The 'Tread Lightly' motto is the slogan that goes with the following set of guidelines for off road driving. Formulated by general consensus over the years by accord between the various clubs and organisations interested in the pursuit, they are frequently published as guidance for how we should use the 'lanes.
They are not a fixed prescription of hard and fast rules; the Road Traffic Act provides those; they are basic common sense, consideration and courtesy in our conduct.
They are not a substitute for your own discretion, judgement or common sense; and they cant possibly cover every possible eventuality you might encounter.
Ultimately, the watch word is 'Tread Lightly'; let your passage create as little impact as possible; don't do anything that would damage the lanes or our ability to use them.
And, it is heartening that the 'code' as we know it here in the UK is promulgating around the world, and similar codes of conduct, often with the same cathism, 'tread lightly' are being promoted around the world.
- Use only rights of way with known, proven, provable vehicular rights. If challenged, discuss the problem, if you can't resolve anything, then leave, until status is rechecked.
- Keep to the defined track. Detour only to pass obstructions. Report any obstructions , low branches, large stones, tied gates, tracks that have been dug up, etc etc to the highway authority RoW (rights of way)
- Be cautious of your own abilities and equipment when assessing an obstruction; it is your right to abate a non-lawful obstruction, do not commit yourself to a bigger task than you are equipped for.
- If the route is not obvious on the ground, ask locally, or check on the maps held at the highway authority offices or consult the local RoW Representative or RoW Contact.
- Drive at a quiet and unobtrusive pace and as slowly as practicable; I would recommend a maximum of 12 mph when in a 4x4 and on an Unsurfaced Right of Way (URoW).
- Ensure your vehicle is fully road-legal; URoW are subject to the same laws as surfaced roads.
- When travelling in groups, keep to a small number - ideally four or less. Split larger parties up and either use a different route or allow a good interval to elapse before following.
- Do not travel on URoW when they risk being affected beyond a point of natural recovery once the weather improves. If need be, walk some or all of the route first to determine its suitability.
- Do not use URoW which maybe damaged by the wheel pressure applied by your vehicle.
- Avoid damage to trees, hedgerows and boundaries. Some roads carry vehicular rights but are physically too narrow for 4x4s.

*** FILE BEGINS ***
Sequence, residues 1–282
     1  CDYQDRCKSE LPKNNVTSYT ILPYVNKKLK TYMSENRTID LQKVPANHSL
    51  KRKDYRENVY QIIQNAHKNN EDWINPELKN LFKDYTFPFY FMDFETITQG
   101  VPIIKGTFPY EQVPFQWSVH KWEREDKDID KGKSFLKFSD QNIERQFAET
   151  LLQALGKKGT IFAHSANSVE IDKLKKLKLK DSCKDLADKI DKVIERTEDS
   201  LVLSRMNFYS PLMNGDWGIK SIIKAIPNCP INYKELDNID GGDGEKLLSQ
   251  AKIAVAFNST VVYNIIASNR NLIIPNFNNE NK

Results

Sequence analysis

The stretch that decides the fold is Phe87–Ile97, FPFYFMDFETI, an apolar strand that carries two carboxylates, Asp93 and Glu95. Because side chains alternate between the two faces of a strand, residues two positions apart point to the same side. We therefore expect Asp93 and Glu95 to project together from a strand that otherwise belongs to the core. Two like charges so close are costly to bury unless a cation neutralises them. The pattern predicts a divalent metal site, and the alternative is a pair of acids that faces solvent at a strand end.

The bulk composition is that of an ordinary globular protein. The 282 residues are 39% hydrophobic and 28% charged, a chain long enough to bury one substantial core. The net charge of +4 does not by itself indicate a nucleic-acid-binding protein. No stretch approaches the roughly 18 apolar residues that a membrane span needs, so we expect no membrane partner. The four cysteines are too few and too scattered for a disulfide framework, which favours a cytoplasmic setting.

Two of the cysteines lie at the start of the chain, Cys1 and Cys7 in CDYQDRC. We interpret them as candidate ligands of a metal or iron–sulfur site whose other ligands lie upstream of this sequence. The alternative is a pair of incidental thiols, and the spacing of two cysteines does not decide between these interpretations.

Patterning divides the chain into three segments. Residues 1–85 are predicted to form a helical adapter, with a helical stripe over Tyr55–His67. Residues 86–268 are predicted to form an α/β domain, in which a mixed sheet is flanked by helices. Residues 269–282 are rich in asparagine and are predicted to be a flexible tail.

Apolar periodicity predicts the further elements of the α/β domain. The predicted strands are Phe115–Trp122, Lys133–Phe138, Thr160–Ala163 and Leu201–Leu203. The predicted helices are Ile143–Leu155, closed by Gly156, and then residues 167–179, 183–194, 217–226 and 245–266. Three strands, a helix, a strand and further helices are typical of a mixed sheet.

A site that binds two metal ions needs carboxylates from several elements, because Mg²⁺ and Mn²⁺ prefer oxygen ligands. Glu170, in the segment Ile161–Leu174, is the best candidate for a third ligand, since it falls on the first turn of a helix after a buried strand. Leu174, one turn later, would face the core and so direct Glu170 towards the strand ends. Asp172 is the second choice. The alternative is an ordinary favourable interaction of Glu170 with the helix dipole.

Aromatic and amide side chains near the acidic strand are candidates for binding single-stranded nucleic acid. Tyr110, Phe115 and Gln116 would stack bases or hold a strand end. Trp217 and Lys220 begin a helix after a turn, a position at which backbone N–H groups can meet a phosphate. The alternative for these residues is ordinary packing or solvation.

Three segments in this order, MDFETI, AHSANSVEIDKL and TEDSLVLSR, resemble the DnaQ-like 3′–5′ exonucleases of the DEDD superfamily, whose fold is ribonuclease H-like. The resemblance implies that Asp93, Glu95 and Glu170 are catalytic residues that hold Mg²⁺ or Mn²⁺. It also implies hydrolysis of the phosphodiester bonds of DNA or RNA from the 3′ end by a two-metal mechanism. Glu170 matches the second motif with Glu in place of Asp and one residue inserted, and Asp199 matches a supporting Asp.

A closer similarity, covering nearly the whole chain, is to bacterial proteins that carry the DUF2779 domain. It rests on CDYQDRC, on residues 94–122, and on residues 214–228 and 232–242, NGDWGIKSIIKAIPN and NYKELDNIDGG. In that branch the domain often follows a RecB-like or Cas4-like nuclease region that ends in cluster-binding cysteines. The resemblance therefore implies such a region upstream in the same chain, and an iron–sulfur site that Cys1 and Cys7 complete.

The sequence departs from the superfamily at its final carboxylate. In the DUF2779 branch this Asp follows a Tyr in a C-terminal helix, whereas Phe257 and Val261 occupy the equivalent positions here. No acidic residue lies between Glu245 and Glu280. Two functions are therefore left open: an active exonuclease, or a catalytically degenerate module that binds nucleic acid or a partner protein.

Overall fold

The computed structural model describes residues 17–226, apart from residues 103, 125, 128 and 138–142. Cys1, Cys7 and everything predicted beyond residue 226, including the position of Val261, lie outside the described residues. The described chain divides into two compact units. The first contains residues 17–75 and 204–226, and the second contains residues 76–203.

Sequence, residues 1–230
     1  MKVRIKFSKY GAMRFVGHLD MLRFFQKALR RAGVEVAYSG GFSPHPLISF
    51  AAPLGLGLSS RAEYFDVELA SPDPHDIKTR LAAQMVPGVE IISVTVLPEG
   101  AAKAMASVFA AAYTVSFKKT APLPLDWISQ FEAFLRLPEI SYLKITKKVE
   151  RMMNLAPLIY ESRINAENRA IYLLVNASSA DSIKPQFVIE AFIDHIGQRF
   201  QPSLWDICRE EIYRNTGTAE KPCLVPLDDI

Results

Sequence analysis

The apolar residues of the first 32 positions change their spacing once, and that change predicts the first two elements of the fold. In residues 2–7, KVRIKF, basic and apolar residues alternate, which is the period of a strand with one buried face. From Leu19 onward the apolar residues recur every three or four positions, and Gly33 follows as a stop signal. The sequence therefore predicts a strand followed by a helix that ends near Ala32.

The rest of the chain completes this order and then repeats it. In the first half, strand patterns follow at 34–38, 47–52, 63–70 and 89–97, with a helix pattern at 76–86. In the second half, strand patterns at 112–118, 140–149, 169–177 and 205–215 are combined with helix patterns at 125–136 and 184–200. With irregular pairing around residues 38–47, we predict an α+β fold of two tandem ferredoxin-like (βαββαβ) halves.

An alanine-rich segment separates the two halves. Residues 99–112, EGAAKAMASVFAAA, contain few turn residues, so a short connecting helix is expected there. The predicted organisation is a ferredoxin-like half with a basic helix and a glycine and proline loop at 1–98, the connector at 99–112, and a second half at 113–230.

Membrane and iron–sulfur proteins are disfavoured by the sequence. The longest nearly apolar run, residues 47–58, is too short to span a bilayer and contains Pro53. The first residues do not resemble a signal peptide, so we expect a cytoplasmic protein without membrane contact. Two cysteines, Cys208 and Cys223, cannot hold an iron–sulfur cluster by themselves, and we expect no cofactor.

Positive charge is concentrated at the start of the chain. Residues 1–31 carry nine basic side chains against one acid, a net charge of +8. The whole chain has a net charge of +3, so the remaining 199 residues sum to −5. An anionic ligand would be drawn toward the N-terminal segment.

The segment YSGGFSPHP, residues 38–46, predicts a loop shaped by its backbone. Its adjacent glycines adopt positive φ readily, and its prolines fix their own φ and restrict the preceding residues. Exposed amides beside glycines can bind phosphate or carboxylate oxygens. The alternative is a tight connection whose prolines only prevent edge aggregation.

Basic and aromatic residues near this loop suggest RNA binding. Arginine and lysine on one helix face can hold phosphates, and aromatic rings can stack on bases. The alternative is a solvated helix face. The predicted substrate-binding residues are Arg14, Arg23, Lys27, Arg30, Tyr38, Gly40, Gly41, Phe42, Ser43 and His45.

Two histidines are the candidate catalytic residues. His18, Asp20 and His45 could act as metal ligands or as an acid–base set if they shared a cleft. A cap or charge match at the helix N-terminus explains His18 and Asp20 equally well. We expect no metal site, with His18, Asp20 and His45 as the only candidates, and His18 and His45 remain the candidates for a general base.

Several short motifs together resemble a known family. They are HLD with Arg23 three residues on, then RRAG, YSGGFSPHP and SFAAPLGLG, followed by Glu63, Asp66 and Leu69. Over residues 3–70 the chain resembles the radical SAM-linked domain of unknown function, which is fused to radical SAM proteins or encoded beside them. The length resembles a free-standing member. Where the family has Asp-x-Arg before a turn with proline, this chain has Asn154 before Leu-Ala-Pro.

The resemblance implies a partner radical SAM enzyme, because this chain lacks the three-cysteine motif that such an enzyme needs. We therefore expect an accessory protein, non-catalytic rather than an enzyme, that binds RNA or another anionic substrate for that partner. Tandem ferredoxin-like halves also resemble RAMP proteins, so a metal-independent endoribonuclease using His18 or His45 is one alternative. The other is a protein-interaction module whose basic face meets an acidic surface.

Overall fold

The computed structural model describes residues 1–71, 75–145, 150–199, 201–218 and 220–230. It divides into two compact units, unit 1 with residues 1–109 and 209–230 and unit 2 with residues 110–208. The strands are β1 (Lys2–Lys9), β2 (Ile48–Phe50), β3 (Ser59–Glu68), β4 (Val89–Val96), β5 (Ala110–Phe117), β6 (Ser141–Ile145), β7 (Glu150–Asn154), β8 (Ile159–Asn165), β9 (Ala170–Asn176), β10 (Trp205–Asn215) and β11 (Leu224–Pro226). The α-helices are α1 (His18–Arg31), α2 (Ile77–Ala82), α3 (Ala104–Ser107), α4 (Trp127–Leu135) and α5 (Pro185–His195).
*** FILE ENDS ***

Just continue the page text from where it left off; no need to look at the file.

- Be courteous to other road users - pull over and stop your vehicle for walkers, but pull over, stop your vehicle and switch off the engine for passing horses; the same courtesy should also be shown to walkers with dogs, if the dogs show the least sign of nervousness round vehicles. Thank those who move over for you.
- Best practice is that gates if they were found to be secured in an open position should be left open, and those which are found shut or swinging should be shut behind you; the landowner might appreciate being told about a gate insecurely propped open if you see them.
- Keep dogs and children under close control. Watch out for injured or trapped animals, and report all suspicious events to the landowner.
- Guard against all risks of fire. Take litter home and that left by others if you see it, wherever practicable. Plastic bags can suffocate stock . Help to keep all water clean.
- Remember that wildlife faces many threats and UROW are valuable habitats.
- Take special care in spring and early summer Follow the Country Code, but be aware that it is for your guidance only
And adding to that; green lanes are public roads; the joy of green laning is the 'long trail' the exploration of more inaccessible bits of our country side.
The spirit of green laning is one of adventure; not thrill seeking.
Green-Lanes, just like tarmac roads are not playgrounds or race tracks; and testing your limits on the lanes is just as irresponsible as boy racers tearing about recklessly on hard topped roads.
If you want to test your vehicles capabilities and find out how 'extreme' you can get in your off roading; go do it at a pay and play, Tyro or CCVT.